Little, R. J. A. (1995). Modeling the drop-out mechanism in longitudinal studies. Journal of the American Statistical Association, 90, 1112–1121. CrossRef
Little, T. D. (2013). Longitudinal structural equation modeling. New York: Guilford Press.
Muthén, L. K., & Muthén, B. O. (1998–2011). Mplus User’s Guide (Sixth ed.). Los Angeles: Muthén & Muthén.
Ostrov, J. M., Kamper, K. E., Hart, E. J., Godleski, S. A., & Blakely-McClure, S. J. (2014). A gender-balanced approach to the study of peer victimization and aggression subtypes in early childhood. Development and Psychopathology, 26, 575–587. doi: 10.1016/j.jpsychires.2009.09.005. CrossRefPubMed
Prinstein, M. J., & La Greca, A. M. (2004). Childhood peer rejection and aggression as predictors of adolescent girls' externalizing and health risk behaviors: A 6-year longitudinal study. Journal of Consulting and Clinical Psychology, 72, 103–112. doi: 10.1037/0022-006X.72.1.103. CrossRefPubMed
Raine, A., Dodge, K., Loeber, R., Gatzke-Kopp, L., Lynam, D., Reynolds, C., et al. (2006). The reactive-proactive aggression questionnaire: Differential correlates of reactive and proactive aggression in adolescent boys. Aggressive Behavior, 32, 159–171. doi: 10.1002/ab.20115. CrossRefPubMedPubMedCentral
Salmivalli, C., Lagerspetz, K., Björkqvist, K., Österman, K., & Kaukiainen, A. (1996a). Bullying as a group process: Participant roles and their relations to social status within the group. Aggressive Behavior, 22, 1–15. doi: 10.1002/(SICI)1098-2337(1996)22:1%3C1::AID-AB1%3E3.0.CO;2-T. CrossRef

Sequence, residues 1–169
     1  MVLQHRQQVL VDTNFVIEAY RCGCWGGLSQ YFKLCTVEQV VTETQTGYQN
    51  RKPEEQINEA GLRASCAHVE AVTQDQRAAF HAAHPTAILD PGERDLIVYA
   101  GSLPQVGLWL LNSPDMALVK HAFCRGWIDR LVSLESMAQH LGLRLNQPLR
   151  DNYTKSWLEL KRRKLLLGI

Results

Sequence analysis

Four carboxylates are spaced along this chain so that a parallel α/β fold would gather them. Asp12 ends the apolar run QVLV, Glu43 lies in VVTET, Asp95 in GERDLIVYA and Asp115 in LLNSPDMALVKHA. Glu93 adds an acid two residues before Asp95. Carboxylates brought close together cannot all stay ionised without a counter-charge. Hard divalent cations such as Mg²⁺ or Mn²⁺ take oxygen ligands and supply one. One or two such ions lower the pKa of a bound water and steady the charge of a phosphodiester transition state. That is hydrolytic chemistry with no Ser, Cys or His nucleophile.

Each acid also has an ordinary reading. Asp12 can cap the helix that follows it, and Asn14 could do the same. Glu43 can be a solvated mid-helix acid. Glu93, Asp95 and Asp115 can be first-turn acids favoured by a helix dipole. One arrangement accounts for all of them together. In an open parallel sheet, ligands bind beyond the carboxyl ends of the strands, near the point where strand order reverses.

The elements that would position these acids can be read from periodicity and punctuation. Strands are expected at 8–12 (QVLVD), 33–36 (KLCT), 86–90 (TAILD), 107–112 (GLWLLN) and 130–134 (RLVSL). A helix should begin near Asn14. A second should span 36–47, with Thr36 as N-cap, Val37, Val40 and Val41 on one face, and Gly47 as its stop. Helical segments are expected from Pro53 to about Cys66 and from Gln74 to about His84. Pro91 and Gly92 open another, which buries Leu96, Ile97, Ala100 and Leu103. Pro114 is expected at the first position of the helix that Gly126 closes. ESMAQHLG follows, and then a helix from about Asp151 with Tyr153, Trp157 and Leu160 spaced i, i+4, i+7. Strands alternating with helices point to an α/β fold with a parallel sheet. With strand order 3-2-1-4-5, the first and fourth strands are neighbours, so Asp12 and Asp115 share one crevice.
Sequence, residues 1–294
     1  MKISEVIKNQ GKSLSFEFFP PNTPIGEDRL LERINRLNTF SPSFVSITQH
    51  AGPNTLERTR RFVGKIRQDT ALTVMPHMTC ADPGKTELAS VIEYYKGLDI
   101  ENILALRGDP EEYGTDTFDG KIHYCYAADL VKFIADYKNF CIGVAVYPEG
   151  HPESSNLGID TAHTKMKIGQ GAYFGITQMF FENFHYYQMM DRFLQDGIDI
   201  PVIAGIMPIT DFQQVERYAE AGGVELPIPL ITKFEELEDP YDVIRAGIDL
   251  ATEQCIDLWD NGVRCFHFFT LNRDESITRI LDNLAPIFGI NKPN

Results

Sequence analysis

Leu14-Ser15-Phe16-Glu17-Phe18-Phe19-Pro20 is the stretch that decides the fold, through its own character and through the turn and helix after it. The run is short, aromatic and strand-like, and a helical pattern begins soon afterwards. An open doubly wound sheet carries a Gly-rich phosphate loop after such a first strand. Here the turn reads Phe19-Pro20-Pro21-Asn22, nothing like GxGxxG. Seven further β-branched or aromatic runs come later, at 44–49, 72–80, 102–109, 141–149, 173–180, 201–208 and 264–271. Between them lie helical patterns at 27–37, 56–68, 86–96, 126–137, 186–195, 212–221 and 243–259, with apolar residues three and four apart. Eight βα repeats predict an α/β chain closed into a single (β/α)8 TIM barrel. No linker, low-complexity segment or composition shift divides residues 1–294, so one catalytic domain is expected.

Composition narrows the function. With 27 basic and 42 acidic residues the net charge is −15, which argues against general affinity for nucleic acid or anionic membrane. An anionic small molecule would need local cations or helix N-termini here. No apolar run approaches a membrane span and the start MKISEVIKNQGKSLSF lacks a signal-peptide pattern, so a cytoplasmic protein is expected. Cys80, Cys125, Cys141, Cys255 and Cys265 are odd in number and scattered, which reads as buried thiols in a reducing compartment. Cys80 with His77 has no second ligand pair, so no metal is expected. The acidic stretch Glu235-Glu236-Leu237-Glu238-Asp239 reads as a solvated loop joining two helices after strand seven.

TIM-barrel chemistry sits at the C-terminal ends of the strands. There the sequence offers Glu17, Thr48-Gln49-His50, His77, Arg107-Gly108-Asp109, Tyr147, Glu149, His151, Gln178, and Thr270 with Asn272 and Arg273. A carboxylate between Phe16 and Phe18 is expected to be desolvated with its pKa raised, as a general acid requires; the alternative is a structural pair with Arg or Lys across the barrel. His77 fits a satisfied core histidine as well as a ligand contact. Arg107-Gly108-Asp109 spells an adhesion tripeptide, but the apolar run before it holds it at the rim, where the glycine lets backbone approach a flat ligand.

Salmivalli, C., Karhunen, J., & Lagerspetz, K. M. J. (1996b). How do the victims respond to bullying? Aggressive Behavior, 22, 99–109. doi: 10.1002/(SICI)1098-2337(1996)22:2%3C99:AID-AB3%3E3.0.CO;2-P. CrossRef
Schwartz, D., Dodge, K. A., Coie, J. D., Hubbard, J. A., Cillessen, A. H. N., Lemerise, E. A., & Bateman, H. (1998). Social-cognitive and behavioral correlates of aggression and victimization in boys' play groups. Journal of Abnormal Child Psychology, 26, 431–440. doi: 10.1023/A:1022695601088. CrossRefPubMed
Schwartz, D., McFadyen-Ketchum, S., Dodge, K. A., Pettit, G. S., & Bates, J. E. (1999). Early behavior problems as a predictor of later peer group victimization: Moderators and mediators in the pathways of social risk. Journal of Abnormal Child Psychology, 27, 191–201. doi: 10.1023/A:1021948206165. CrossRefPubMedPubMedCentral
Vitaro, F., & Brendgen, M. (2005). Proactive and reactive aggression: A developmental perspective. In R. E. Tremblay, W. W. Hartup, & J. Archer (Eds.), Developmental origins of aggression (pp. 178–201). New York: Guilford Press.
Waschbusch, D. A., Willoughby, M. T., & Pelham Jr., W. E. (1998). Criterion validity and the utility of reactive and proactive aggression: Comparisons to attention deficit hyperactivity disorder, oppositional defiant disorder, conduct disorder, and other measures of functioning. Journal of Clinical Child Psychology, 27, 396–405. doi: 10.1207/s15374424jccp2704_3. CrossRefPubMed
- Functions of Aggression and Peer Victimization in Elementary School Children: the Mediating Role of Social Preference
L. Christian Elledge
Lisette W. Swails
Eric M. Vernberg
- Springer US